Here are the most common form factors. As you can see, each of them has a different number of expansion slots, into which cards such as display adapters, wireless NICs, and tuner cards can be inserted. The EATX form factor is deeper than ATX, but adds no additional slots. If you know you need a graphics card, professional-quality sound card, and plan to re-use a wireless NIC, then Mini-ITX and DTX are not for you. If it needs to fit in an alcove of a desk, then ATX (or EATX) may not be viable options.

Layout Considerations

Let’s take a look at a typical higher level motherboard for an example of connector and port types.

Here we see some common port and connector types. Of course, not all boards feature all types, and some components may be located differently. Just as some PCIe slots may be wired for fewer lanes than the slot length suggests (or have some lanes disabled depending on what other slots are in use), the M.2 connector at (6) in the diagram above may have up to four PCIe 3.0 or 2.0 lanes in it, or it may have one or two SATA ports in it, or a combination of these interfaces.

Here, we see some PCIe slots. Top to bottom, they (and their most common usages) are X16 (for graphics cards), X8 (also for graphics cards when more than one is used), and X4 (RAID cards, PCIe SSDs). In addition, even shorter X1 slots are more commonly available, for wireless NICs and port expansion, including USB, SATA, and legacy port types.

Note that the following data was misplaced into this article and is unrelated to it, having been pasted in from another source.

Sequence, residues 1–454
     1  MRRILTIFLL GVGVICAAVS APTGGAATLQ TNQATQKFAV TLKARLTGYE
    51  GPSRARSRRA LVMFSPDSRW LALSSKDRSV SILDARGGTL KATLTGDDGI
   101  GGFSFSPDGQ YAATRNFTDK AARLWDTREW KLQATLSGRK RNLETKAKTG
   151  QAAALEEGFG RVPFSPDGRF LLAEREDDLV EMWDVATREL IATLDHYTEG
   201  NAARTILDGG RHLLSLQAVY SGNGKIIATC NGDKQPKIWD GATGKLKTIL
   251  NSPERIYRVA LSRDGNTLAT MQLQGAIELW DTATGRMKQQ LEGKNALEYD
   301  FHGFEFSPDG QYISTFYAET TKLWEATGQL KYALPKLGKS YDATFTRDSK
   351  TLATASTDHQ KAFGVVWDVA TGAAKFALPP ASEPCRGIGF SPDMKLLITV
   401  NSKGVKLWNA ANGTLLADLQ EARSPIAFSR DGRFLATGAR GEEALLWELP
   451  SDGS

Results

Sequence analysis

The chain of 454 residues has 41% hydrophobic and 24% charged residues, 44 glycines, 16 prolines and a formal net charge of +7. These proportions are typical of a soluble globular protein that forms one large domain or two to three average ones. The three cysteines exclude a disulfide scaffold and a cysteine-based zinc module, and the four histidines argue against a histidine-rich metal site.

In the example above, notice that the forward (right) end of the smaller slots are not enclosed. Most PCIe cards should work in open-ended slots with fewer PCIe lanes than the cards possess, but the performance penalty may be severe. Also, on all but the most advanced chipsets, only the primary PCIe x16 nearest the CPU will electrically possess all 16 pathways. Secondary and tertiary slots may be wired as x8 or x4. Nvidia will not allow an X4 slot to be used for a second graphics card in SLI, and Crossfire performance of multiple AMD graphics cards may take a performance hit, especially if the slots are the older PCIe 2.0 instead of the current 3.0. Some boards offer one or more legacy PCI slots, which are similar in length to PCIe X16 slots, but set closer to the rear edge, and won’t have retention clips at their forward edges.